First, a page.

The measurement of the last one is used to determine a distinction between amphetamine and Fenethylline abusers.

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Captagon was administered in tablets of 50 mg; long-term treatment wasn't advised, moreover a period treatment-free was required. The manifacturer house delared that Fenethylline effects were quantitatively and qualitatively different from amphetamine ones, declining the ranking of it as a "Pro-drug". Different studies of comparison made in 23 years in mice between amphetamino-likes, theophylline and fenethylline, defined such effects.
The therapeutical effects declared were, after an hour of administration: improvement of physical and motory performances, mood, ability of concentration and productivity, combined with a lack of parossistic crisis in epileptic and narcolectic patients. At a lower dosage was reported an improvement in precise motility and a reduction of tremors. Subjects after administration referred a well-balanced state. The company declined the possibility of side effects on liver, kidneys and cardiovascular system, also excluding a possible raise in aggressivity or euphoria. Side effects declared were piloerection, lowering of pressure, stereotyped movement, bland anorectic effects, restlessness, sleep disorders, tachicardy, dizziness, dry mouth, gastrointestinal symptoms, minor or aspecific sympaticomimetic effects, usually increased by caffeine assumption. Further studies shows severer cases, including psychosis, retinal vein occlusion and coma dépassé.


Degussa declared a minor addictive risk compared to amphetamines, though the substance was labeled as highly addictive from several national and international companies. Dealing and consumption with recreative purpose has always had, compared with other psychoactive substances, a minor relevance. Its use was mainly limited to German and US territory, and later it expanded towards the Middle East and Eastern Europe. Since 1964, with the introduction of obligatory prescription, the reports of overdose underwent a serious reduction. New cases were due mainly to dosage mistakes, or were caused by other drug abuers to reduce hangover and fatigue. There were fewer cases of non-medical uses, because the psychoemotional experience was generally well-balanced and controlled, compared with the desired euphoric state, explaining why drugs with more intense effects, like hallucinogenics and amphetamines, were used.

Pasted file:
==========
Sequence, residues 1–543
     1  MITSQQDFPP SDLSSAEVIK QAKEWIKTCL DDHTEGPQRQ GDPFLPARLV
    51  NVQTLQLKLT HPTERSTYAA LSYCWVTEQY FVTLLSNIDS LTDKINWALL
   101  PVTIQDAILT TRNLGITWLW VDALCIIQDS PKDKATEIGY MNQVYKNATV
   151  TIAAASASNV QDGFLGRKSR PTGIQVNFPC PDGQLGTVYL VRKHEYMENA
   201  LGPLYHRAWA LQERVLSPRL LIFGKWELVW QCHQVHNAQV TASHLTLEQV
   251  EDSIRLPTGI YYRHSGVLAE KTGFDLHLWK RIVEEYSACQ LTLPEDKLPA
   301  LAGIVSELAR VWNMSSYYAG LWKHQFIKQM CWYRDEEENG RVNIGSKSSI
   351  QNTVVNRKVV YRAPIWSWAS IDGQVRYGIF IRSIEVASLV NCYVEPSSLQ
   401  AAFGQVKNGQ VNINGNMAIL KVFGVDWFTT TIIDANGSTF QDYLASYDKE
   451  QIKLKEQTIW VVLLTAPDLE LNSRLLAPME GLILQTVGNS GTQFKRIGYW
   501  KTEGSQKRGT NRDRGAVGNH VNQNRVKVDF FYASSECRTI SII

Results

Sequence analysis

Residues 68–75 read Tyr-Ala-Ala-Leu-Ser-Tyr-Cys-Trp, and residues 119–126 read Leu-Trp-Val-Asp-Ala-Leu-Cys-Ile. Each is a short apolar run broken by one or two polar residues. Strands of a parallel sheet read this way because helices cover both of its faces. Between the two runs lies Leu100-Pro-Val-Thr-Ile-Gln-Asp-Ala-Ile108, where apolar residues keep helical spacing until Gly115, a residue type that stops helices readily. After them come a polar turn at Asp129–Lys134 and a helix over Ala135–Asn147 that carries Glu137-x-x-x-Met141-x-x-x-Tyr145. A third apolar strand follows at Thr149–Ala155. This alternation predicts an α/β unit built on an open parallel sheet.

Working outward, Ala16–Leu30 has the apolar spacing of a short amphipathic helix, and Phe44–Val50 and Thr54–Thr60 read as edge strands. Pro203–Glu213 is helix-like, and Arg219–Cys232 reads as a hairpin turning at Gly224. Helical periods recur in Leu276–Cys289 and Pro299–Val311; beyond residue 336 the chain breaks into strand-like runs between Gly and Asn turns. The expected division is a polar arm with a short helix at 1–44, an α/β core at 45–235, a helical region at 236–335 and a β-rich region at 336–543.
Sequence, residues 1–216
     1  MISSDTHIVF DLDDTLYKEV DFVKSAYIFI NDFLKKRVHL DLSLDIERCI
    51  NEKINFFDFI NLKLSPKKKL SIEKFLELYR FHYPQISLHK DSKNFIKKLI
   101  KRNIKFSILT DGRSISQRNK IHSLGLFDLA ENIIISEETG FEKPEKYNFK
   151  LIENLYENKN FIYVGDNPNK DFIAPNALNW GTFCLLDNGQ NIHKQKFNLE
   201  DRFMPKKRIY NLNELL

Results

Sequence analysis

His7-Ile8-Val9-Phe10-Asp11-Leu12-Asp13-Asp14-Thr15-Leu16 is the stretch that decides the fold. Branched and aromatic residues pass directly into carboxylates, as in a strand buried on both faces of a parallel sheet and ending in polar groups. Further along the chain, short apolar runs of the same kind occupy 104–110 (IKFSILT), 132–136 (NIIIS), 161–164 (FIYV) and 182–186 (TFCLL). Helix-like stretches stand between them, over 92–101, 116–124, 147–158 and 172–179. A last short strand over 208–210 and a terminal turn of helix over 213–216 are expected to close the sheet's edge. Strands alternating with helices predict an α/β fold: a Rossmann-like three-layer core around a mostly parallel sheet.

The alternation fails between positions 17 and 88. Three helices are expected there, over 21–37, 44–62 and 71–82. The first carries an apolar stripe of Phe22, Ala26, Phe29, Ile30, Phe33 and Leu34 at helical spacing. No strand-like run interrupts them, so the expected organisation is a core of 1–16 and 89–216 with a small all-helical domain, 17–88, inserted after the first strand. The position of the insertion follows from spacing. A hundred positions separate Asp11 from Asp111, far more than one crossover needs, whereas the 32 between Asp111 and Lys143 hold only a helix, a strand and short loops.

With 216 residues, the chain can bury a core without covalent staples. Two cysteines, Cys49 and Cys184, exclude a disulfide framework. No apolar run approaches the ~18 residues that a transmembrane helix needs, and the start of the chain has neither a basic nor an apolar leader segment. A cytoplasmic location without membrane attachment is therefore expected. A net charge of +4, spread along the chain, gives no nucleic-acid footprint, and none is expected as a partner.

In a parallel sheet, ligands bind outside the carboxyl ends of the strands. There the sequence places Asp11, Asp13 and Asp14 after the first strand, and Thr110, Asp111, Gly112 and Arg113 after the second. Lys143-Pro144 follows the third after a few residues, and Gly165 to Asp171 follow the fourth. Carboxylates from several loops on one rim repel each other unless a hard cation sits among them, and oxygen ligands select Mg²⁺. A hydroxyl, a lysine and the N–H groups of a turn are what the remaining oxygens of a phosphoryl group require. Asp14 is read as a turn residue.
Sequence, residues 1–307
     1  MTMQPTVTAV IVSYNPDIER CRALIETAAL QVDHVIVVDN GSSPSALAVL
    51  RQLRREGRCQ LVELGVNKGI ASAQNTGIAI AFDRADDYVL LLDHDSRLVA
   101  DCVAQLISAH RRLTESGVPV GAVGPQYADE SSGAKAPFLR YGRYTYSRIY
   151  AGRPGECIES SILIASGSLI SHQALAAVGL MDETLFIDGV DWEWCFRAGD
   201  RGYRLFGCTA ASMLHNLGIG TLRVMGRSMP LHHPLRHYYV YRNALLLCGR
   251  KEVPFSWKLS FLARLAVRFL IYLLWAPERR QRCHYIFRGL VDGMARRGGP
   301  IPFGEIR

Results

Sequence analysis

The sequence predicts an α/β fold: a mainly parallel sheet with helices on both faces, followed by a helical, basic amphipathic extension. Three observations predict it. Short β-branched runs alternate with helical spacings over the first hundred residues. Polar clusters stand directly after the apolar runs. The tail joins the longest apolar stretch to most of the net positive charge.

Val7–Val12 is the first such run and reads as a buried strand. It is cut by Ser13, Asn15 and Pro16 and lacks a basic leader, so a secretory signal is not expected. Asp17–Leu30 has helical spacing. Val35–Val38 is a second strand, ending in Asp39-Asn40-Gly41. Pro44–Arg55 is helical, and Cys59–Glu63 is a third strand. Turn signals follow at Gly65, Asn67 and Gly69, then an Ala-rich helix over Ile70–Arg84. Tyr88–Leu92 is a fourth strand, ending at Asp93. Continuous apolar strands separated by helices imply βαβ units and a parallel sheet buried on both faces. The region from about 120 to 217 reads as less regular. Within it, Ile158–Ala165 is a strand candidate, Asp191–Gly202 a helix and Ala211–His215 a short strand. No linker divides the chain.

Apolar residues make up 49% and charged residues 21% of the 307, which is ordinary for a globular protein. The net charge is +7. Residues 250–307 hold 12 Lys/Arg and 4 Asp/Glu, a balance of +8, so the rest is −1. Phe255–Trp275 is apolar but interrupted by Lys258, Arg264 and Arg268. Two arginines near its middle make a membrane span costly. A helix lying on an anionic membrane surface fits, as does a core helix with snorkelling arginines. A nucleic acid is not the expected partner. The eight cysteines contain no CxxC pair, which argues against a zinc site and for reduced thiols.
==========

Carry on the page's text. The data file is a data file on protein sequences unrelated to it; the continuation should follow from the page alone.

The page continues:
Fenethylline came back again in the news during the half of the 10s, thanks to the spread of a new drug, improperly labeled as Captagon, which was used by middle-eastern warriors who took part in several wars forming part of the so-called "Arab Spring". Such product, different in composition to the original drug, is a cocktail of substances used as an anesthetic-dissociative drug by ISIS jihadists and guerrilla fighters of Al-Nursa and FSA. This drug is a blending of stimulants, antibiotics and vasodilators, consisting in a combination of methamphetamine, ephedrine, metronidazole, caffeine, theophylline, chlorphenamine, procaine, trimethoprim, chloroquine and quinine. The physical effects produced are: increase in heart rate, body temperature, respiration rate and blood pressure. From the psychological point of view those included euphoria, alienation, loss of the sense of hunger, sleep and fatigue. These effects, which are sought by the guerrillas to fight, present dangerous side effects in the long term, which include lethargy, depression, insomnia, malnutrition and severe vascular toxicity, with ischemic and hemorrhagic consequences.


"Fenetylline: therapeutic use, misuse and or abuse" - Kristen G. et al.(Drug and Alcohol Dependence, 17-1976)
"Fenethylline: New results on pharmacology" - Nickel B. et al. (Drug and Alcohol Dependence, 17-1976)
“Metabolic fate of fenethylline in rat and man”- Yoshimura H. et al. (Xenobiotica, 18-1988)
“Fenethyllin psychosis: description of two cases” - Shufman E., Dickman M. (The Israel journal of psychiatry and related sciences,36-1999)
“Fenethylline as a possible etiology for retinal vein occlusion” - Al-Ghadyan A. et al.( Annals of Ophthalmology, FW-2009)
“Chemical characterization of counterfeit captagon tablets seized in Jordan” - Alabdalla M. (Forensic Sciences International , 152 -2005)
“World Drugs Report” - UNODC (United Nations Office on Drugs and Crime), New York- 2008.
“Acute myocardial infarction associated with Captagon use” - Uluçay A. et al (the Anatolian journal of cardiology, 12- 2012)
“Syria’s Breaking Bad: Are Amphetamines Funding the War?” - Baker A. (Time, 2013)
“Amphetamine abuse: a growing reality in Saudi emergency departments” – Khattab e. (Emergency physicians international journal, 2013)
“Captagon: the amphetamine fuelling Syria's civil war” – Henley J. (The Guardian, 2014)